What I love about yoga.

Around the time of my twenty-fourth birthday, I was doing some energetic and consciousness exploration. I had just discovered massage and bodywork and it had instantly transformed me. I found energetic, emotional release. I had always been the kind of person with emotions constantly bubbling up, the pressure holding high and sometimes experiencing bursts of dramatic explosiveness. With bodywork, I felt my body differently. When I was receiving bodywork, I related to it differently. Sometimes when I experienced emotions gracefully while receiving bodywork, I heard clarity and wisdom about the issue that was the source of the emotion. My body started to talk to me.

As part of my exploration, I bought a yoga video and a candle and began a new journey. I didn’t have the discipline to practice each morning, as recommended. In fact, I began to experience huge quantities of resistance to doing the things I knew would transform me into the woman I wanted to become. I used the candle to begin a meditation practice. I had read in a book to stare at a candle flame with eyes open for five to ten minutes. As my mind quieted, the flame stilled. When I would think of the clock, the flame would flicker. Thus began a long-term, rocky and undisciplined, relationship with meditation and yoga.

Now, as a craniosacral therapist, I have the pleasure of working with yogis. What impresses me the most about yoga is their fascial glide. In other words, their connective tissue is well-lubricated and without restriction. The layers of fascia glide against the layers of muscle. Another note of interest is that they release energy cysts easily and efficiently. Energy cysts are areas of walled-off energy. The energy is from an external source and, for some reason, our body was unable to dissipate that imposing energy. Energy cysts sometimes consist of only emotional trauma while others are a combination of physical or emotional energy. Due to these differences, yogi’s craniosacral therapy sessions tend to move more rapidly and with slightly greater results than non-yogis.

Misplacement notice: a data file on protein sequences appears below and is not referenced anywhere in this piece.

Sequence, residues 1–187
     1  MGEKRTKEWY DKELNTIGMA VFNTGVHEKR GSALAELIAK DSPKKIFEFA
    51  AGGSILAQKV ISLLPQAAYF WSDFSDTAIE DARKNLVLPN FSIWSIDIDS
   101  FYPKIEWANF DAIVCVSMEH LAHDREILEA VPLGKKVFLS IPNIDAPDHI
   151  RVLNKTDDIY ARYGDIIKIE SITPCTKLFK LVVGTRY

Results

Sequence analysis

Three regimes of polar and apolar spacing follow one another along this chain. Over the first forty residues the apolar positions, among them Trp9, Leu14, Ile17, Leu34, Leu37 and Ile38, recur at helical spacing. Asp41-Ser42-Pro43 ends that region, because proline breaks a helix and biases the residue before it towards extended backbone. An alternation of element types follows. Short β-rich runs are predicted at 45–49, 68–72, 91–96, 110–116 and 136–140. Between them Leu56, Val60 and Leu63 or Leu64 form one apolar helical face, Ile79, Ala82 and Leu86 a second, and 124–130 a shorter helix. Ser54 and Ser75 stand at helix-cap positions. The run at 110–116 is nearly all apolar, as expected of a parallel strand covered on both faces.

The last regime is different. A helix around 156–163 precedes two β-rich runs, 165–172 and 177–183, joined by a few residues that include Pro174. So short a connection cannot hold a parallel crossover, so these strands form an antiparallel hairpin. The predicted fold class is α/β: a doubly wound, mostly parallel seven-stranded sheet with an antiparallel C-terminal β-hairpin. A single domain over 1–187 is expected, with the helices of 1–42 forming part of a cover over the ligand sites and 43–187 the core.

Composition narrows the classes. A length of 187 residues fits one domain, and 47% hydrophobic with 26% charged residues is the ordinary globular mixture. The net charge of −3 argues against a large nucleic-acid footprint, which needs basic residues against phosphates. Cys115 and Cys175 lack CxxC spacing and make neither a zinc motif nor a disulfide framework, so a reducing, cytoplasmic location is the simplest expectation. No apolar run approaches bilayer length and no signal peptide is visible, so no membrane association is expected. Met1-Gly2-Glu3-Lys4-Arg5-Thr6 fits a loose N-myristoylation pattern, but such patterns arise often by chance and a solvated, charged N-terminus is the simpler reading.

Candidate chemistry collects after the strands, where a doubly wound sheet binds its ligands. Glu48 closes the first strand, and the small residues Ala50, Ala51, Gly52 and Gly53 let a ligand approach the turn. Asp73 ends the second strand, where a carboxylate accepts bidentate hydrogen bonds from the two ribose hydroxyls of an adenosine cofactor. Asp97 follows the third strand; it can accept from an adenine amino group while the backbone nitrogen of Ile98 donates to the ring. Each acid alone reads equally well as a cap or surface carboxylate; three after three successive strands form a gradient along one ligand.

One of my great mysteries in life is how yoga works. Recently, I’ve learned much about the physical poses, or asanas, of yoga and how they affect us physically. Yet there are two other components that bewilder me, the energy and the awareness. If you’re not familiar with yoga, it originated in northern India over 5,000 years ago and is first recorded in the Vedas, a collection of texts containing songs, mantras and rituals to be used by Brahmans, the Vedic priests. Through yoga, many of us learn the energy system taught in the Vedas, the chakras. The chakra system is useful in learning our own energy awareness and our interactions with the energy of others. My question is whether the asanas affect the chakras more intentionally than other forms of exercise might, explaining why so much energy is released easily by yogis.

The witness, or the phenomenon of awareness, may be explained through meditation more than the asanas but I’m not sure. Over the thousands of years, Saints, gurus, and mystics have developed, sharing their wisdom and teachings with us. Whether it is through teachings or the poses, somehow, while practicing yoga, people develop a higher consciousness. It may be a sense of experiencing our minds differently. We may become more aware of what we are thinking and have a new source of awareness that can guide our thoughts back to the present. How does that work?

I had lunch with a friend today and was discussing this and she reminded me that anecdotal medicine is still good medicine. If it works, what does the why really matter? She emphasized that our current culture spends an enormous amount of time and energy rationalizing scientifically how things “work.” Craniosacral therapy is very much an anecdotal treatment, despite its scientific evidence. It works miraculously well for some and not so much for others.